The correspondence section of the British medical journal The Lancet isn’t where I usually go for comedy. But this letter from Ashley Croft and Joanne Palmer is forcing me to reconsider that policy:

Chi Pang Wen and colleagues claim that exercising for 15 min per day results in a 14% reduced risk of all-cause mortality (0·86, 95% CI 0·81—0·91). Further, they claim that every additional 15 min of daily exercise beyond the minimum daily amount of 15 min reduces all-cause mortality by an additional 4% (2·5—7·0).

This cannot be true, however, since the risk of mortality is an absolute. The risk can be postponed, but it cannot be reduced, as Wen and colleagues claim, and nor can it be eliminated. In other words you can run faster, but you arrive later.

We are aware of just two reported exceptions to this otherwise invariable rule and they are Elijah, who while still alive went up by a whirlwind into heaven (Kings 2:11), and Enoch, who was translated that he should not see death (Genesis 5:24). The details of Enoch’s final end are veiled in mystery but Elijah’s heavenward passage in a fiery chariot was witnessed by his servant Elisha, who picked up Elijah’s mantle as it fell to the ground and thereafter assumed his master’s role as prophet. In any event, neither episode occurred in the context of a randomised controlled trial.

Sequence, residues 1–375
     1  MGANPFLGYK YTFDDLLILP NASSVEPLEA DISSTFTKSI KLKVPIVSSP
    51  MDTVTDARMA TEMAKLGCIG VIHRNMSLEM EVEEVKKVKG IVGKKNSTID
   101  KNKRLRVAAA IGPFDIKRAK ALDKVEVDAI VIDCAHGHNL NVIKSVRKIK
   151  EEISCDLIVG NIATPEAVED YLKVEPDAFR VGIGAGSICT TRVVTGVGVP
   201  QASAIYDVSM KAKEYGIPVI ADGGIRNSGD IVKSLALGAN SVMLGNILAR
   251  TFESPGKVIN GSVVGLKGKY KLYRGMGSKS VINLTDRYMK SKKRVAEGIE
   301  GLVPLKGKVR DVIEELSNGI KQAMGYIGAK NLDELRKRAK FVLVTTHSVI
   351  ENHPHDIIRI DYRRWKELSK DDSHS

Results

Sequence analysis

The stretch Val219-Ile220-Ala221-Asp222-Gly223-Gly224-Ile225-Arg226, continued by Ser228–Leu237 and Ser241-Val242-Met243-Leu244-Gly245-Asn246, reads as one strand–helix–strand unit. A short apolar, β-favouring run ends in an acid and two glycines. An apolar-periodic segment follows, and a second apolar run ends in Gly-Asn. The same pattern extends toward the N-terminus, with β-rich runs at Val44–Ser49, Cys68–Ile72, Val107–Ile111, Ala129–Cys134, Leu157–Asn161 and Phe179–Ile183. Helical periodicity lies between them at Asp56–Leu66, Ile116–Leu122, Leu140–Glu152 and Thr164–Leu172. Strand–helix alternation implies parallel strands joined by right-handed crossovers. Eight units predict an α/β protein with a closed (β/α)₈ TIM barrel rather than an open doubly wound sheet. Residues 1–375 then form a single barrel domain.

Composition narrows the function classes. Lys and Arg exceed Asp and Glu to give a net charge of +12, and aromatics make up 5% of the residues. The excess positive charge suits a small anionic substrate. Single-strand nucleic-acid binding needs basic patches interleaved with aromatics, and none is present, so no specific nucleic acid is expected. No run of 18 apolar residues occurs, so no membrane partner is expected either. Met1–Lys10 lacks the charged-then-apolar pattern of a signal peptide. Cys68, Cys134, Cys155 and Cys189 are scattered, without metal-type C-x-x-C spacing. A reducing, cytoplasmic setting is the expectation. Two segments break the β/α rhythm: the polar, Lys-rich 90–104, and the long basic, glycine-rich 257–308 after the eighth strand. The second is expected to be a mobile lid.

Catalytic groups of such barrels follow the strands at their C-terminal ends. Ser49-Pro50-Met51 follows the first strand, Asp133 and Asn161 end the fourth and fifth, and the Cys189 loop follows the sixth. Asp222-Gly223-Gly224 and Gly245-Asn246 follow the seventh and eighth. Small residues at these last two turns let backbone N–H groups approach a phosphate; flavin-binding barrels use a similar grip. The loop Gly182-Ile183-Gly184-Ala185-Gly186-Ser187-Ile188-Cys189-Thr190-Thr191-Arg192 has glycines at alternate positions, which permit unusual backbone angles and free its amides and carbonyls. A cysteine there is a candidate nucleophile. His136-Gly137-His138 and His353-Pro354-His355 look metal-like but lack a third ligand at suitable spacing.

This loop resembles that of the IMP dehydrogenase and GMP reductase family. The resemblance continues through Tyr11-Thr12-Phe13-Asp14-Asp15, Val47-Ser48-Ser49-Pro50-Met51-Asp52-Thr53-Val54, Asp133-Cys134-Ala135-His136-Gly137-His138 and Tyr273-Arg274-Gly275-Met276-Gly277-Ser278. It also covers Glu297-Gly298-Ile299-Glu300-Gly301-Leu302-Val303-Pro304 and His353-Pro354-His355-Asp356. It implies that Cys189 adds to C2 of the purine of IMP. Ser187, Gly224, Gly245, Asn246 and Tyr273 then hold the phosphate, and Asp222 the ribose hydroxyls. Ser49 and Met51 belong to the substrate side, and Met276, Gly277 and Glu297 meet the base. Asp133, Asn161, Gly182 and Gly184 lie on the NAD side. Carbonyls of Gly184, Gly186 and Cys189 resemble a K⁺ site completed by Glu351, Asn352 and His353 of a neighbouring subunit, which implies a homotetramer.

We contend, therefore, that the risk of mortality for everyone—prophets included—is 1·0 (1·0—1·0).

Via The Monkey Cage.